Biz Eye View: Building a Brand that Looks Different, Stays Agile

Editorial Note: This post is the first installment of a new feature, Biz Eye View. Innovative business professionals will be featured periodically, sharing their expertise to help you grow.

In marketing, we place a premium on differentiation. The opposite of differentiation is commoditization, the specter of which terrifies many marketers. It is easy to understand the importance of differentiation; the challenge resides in figuring out how to execute. This challenge is not limited to product brands. Differentiation is essential for building your personal brand and advancing your professional career, but moving from concept to action snags many people.

How to Survive and Thrive in the Jungle

For professionals looking for guidance on how to break out from commoditization, I recommend reading Zebras and Cheetahs: Look Different and Stay Agile to Survive the Business Jungle by Michael Burt and Colby Jubenville (Wiley, 2013). They acknowledge that there are no quick fixes or “Easy” buttons for developing your brand, but they tackle this problem through systematic questioning of assumptions and background to position ourselves for growth.

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One of the creators of the Zebra/Cheetah model is Colby Jubenville, PhD. He is a professor, consultant, and strategist based in Murfreesboro, Tennessee. Colby shared his perspective on zebras, cheetahs, and differentiation.

DR: What inspired the Zebras and Cheetahs model? 

CJ: The model was developed with Coach Micheal Burt while sitting at Demos’ restaurant in Murfreesboro. A company challenged Micheal to dive monster growth over an 18-month cycle. We asked ourselves how we could make growing a company simple, easy and fun. The model is simple to understand because it is centered on a dominant focus that everyone can see and connect to. Once people understand the dominant focus of the organization, it’s easy for them to carry out the work that must be done that is related to the dominant focus.

DR: In your view, what are some obstacles that businesses and professionals face in the quest to “look different and stay agile?” 

CJ: Many experts tell others that they must differentiate. But, don’t follow that up with how one does that. To me it’s about answering one simple question: What is the unique value I deliver to others in the market?  Unique value is broken into three areas:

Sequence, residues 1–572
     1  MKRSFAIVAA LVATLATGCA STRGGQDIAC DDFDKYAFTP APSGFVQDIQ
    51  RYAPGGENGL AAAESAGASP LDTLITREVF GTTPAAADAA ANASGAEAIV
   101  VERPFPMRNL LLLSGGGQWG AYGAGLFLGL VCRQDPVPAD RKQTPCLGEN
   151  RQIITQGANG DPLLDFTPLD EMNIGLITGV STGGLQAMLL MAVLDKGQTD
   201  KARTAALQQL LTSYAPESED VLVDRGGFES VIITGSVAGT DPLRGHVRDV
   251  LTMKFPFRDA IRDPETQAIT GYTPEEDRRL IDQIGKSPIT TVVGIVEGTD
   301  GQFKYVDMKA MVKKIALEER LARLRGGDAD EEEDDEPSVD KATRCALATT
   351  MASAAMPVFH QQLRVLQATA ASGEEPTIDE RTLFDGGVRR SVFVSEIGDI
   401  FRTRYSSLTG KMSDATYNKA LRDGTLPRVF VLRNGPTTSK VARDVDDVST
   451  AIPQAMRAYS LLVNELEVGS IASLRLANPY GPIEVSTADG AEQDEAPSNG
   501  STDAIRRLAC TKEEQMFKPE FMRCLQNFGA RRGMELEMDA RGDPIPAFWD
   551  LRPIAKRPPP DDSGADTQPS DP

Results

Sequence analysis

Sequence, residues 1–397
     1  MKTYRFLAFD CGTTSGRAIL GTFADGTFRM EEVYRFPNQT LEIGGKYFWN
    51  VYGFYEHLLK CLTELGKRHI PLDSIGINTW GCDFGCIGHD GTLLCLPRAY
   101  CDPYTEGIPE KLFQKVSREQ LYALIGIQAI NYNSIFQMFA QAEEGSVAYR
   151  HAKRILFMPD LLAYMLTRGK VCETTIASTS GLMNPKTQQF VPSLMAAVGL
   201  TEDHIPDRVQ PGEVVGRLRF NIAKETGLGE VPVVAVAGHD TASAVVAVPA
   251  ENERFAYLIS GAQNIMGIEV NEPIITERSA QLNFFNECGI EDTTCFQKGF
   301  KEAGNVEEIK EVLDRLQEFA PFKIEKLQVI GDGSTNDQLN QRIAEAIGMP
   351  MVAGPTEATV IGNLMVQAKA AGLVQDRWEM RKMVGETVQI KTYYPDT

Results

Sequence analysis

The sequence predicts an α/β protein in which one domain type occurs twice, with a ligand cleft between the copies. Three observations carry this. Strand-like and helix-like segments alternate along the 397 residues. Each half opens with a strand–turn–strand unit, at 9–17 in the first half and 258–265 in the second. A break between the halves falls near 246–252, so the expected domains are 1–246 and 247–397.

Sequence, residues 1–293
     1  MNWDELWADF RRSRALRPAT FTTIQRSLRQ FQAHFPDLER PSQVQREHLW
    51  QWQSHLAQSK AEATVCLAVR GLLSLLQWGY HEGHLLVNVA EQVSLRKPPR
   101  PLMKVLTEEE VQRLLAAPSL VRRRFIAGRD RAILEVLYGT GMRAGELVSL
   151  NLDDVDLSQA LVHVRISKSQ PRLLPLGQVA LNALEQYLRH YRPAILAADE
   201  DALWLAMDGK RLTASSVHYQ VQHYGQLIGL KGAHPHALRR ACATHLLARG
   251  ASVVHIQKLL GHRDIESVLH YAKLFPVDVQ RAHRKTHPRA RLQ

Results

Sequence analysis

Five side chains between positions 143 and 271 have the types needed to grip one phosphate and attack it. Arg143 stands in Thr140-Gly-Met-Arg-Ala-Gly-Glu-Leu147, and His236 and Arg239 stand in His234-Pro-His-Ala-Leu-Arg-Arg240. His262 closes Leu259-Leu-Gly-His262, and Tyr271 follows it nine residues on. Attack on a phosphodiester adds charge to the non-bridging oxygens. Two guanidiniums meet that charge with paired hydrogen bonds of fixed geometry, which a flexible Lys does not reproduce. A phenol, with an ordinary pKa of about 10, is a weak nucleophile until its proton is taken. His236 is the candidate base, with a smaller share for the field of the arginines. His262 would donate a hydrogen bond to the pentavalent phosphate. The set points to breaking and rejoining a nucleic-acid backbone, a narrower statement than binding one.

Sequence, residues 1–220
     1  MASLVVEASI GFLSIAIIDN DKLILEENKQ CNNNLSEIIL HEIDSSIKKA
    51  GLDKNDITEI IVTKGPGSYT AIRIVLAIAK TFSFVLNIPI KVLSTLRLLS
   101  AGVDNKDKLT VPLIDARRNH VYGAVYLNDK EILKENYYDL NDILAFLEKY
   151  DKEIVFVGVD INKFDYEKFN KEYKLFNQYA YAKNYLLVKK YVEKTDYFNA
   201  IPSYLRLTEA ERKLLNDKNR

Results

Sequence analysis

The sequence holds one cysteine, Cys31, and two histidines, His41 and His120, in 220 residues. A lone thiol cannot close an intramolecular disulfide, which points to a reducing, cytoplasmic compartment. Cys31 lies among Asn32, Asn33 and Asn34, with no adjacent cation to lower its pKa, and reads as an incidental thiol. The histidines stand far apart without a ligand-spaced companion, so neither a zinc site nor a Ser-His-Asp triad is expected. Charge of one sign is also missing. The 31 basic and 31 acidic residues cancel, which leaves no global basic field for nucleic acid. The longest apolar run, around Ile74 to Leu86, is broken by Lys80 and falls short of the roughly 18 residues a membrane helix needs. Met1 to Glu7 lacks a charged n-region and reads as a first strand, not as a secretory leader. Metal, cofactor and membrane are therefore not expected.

1. Unique Perspective (How you see what you do)
  2. Unique Education (How you know what you do)
  3. Unique Experience (How you deliver what you do).

Understanding perspective, education and experience is critical to looking different.

Running Faster is about mindset and buying into this idea that we all need coaches in our lives. If you look back on your life, I would bet that a mentor/coach had conversations you didn’t want to have, made you do things you didn’t think you could do which led you to become something you didn’t think you could become. Coaches, in essence, teach us how to see and seize opportunity.

DR: How do you keep your personal brand focused on continuous development and growth? 

CJ: I think that starts with having a clear understanding of the unique value I deliver to the world.  I focus on helping organizations and people do three things: become better known, better understood, and better understand the unique value they deliver. Every decision about my brand and how I position myself goes through that filter.

Ask Questions to Understand Your Brand

One of the strengths of the Zebra/Cheetah model is the use of questions to gain perspective. Specifically, Burt and Jubenville encourage us to ask six questions for introspection to connect our past, present, and future:

  1. How is my perspective different from any other in the jungle?
  2. Through my education, what do I know that will give me and the tribe an added advantage?
  3. What are the top three experiences that have shaped who I am and who I want the tribe to become?
  4. What past struggles have helped me think better, make better decisions, and communicate in a way that the tribe understands?
  5. Where is the most opportunity for growth for me and my tribe?
  6. How can I make all of this simple and easy for others to understand?

Working harder isn’t the answer; trying your best isn’t the answer; completing checklists isn’t the answer; technology isn’t the answer. Developing a new perspective that will elevate our performance to a higher level is the answer. The Zebra/Cheetah model can help you navigate the concrete jungle and enable you to look different and stay agile while adding value to those with whom you serve.

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Author: Don Roy

Marketing educator, blogger, & consultant- Having fun with all of the above!

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